That scares me and I know it scares many of you. But I learned something about faith and fear over this last year and while studying Mark. Many assume that since the women ran away from the empty tomb in fear, then that implies they failed in their mission—that they did not do as the angelic messenger asked them to. They were supposed to tell the disciples that Jesus was going ahead of them to Galilee. It says they didn’t tell anyone—-well not immediately. Obviously they must have, or we would not be telling this story 2000 years later.
Throughout the Gospel of Mark, fear doesn’t imply desertion or even failure. Fear is a part of our journey with Jesus. That is why angels are always telling people not to be afraid…because they know it’s a natural reaction to encountering God. There were many times when the disciples were afraid and they didn’t always look so good when they were. And yet…the fear did not stop them as followers of Jesus and it definitely didn’t stop Jesus.
|Photo by Jonny Gios|
I’ve always found it interesting that the women were so concerned about the stone. Given everything that had happened, and all that Jesus had foretold, why were they worried about a stone– a stone that could have been rolled away? But isn’t that always the way, instead of looking for openings and new opportunities, we looks for roadblocks and impediments. Instead of rejoicing about worshipping in person with you lovely people, I’ve been freaking out about what we can and cannot do. And I am not saying we should not be taking these important precautions—we should. However, once we have done all that we can do, then we need to put ourselves in God’s capable hands. We can rest in the assurance that we worship a living God who continues to walk with us even when we stumble around in fear.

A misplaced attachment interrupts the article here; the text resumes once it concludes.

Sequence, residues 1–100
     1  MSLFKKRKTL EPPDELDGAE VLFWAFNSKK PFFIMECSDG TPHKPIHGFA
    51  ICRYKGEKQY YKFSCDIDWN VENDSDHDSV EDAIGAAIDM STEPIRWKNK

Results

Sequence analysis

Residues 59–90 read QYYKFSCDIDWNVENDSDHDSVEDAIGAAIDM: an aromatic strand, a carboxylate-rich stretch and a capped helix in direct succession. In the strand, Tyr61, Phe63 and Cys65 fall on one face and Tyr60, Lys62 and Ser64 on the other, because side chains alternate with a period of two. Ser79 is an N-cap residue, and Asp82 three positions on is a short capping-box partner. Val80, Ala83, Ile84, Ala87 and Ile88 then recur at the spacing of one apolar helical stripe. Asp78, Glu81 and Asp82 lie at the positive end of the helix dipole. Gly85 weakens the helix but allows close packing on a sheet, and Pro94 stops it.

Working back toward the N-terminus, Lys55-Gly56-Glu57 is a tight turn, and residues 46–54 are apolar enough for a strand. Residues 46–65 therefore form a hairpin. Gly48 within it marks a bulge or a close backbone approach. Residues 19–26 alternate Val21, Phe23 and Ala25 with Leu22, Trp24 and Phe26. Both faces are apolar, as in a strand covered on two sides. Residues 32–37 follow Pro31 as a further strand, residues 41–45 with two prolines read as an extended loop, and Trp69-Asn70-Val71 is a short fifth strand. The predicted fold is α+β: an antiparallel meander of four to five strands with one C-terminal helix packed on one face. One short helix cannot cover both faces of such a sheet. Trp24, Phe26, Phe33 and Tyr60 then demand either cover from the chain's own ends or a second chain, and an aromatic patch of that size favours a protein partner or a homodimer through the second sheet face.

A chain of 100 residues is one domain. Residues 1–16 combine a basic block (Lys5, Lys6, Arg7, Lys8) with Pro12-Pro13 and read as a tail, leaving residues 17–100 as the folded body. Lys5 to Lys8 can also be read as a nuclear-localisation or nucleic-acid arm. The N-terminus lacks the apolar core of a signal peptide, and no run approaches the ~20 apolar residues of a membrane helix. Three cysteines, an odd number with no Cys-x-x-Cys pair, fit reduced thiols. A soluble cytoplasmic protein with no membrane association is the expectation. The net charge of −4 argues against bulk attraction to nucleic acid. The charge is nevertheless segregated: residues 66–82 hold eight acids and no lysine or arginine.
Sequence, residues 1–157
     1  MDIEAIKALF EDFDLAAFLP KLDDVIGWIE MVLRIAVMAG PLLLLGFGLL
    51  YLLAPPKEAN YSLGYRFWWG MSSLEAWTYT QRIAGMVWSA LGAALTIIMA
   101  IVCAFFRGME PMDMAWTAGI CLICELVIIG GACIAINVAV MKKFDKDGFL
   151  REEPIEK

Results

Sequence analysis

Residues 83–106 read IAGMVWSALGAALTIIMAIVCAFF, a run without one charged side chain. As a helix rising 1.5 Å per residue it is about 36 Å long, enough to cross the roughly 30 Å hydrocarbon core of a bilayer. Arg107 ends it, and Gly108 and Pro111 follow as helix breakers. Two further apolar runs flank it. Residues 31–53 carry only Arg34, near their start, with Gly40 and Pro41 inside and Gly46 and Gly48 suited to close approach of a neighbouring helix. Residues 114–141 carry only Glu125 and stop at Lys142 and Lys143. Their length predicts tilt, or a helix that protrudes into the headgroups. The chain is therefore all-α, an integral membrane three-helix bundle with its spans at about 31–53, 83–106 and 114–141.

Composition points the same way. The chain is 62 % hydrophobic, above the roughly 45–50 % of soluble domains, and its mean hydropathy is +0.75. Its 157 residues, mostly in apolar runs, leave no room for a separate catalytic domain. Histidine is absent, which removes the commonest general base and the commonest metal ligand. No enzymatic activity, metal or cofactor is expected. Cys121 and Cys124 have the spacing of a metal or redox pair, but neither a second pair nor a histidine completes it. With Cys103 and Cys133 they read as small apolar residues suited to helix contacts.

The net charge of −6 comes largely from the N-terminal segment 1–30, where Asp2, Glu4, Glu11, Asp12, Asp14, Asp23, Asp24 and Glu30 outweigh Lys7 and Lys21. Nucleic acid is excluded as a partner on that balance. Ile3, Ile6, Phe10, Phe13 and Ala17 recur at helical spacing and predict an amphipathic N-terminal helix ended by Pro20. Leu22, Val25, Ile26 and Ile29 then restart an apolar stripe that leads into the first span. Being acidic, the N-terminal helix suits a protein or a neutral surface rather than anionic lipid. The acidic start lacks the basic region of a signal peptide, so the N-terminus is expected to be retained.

While the women were worried, they didn’t let that stop them from going to the tomb. That’s what matters…when all the other disciples hid or ran away, these women showed up. They didn’t just show up, the text says: “When they looked up…” They faced their fears and they looked up, they raised their eyes and their heart to the road ahead. When they did—they realized that God had already removed the stone. They just needed to open their eyes wide enough to see it.
As we move into this 2nd or 45th phase of pandemic life, let us take a new look at the perceived barriers in front of us. We may find that those barriers aren’t really barriers at all. They are opportunities for a new path. The angelic visitor told the women that Jesus has already gone ahead of them to Galilee. While they stared at an empty tomb—while the disciples hid in a locked room, Jesus was already charting a new course. He was moving ahead.
I don’t know what is next for our schools, our jobs, our economy or our church. What I know is that Jesus is already there. He’s been busy moving boulders out of the way. When we follow him, it might feel like a tricky obstacle course at times—but the obstacles aren’t endings, they are new beginnings. That doesn’t mean it’s going to be easy, but it’s still amazing and achingly beautiful at times. Let’s not spend too much time looking back because that’s not where Jesus is. He’s on his was to Galilee and the question is—are we ready to follow?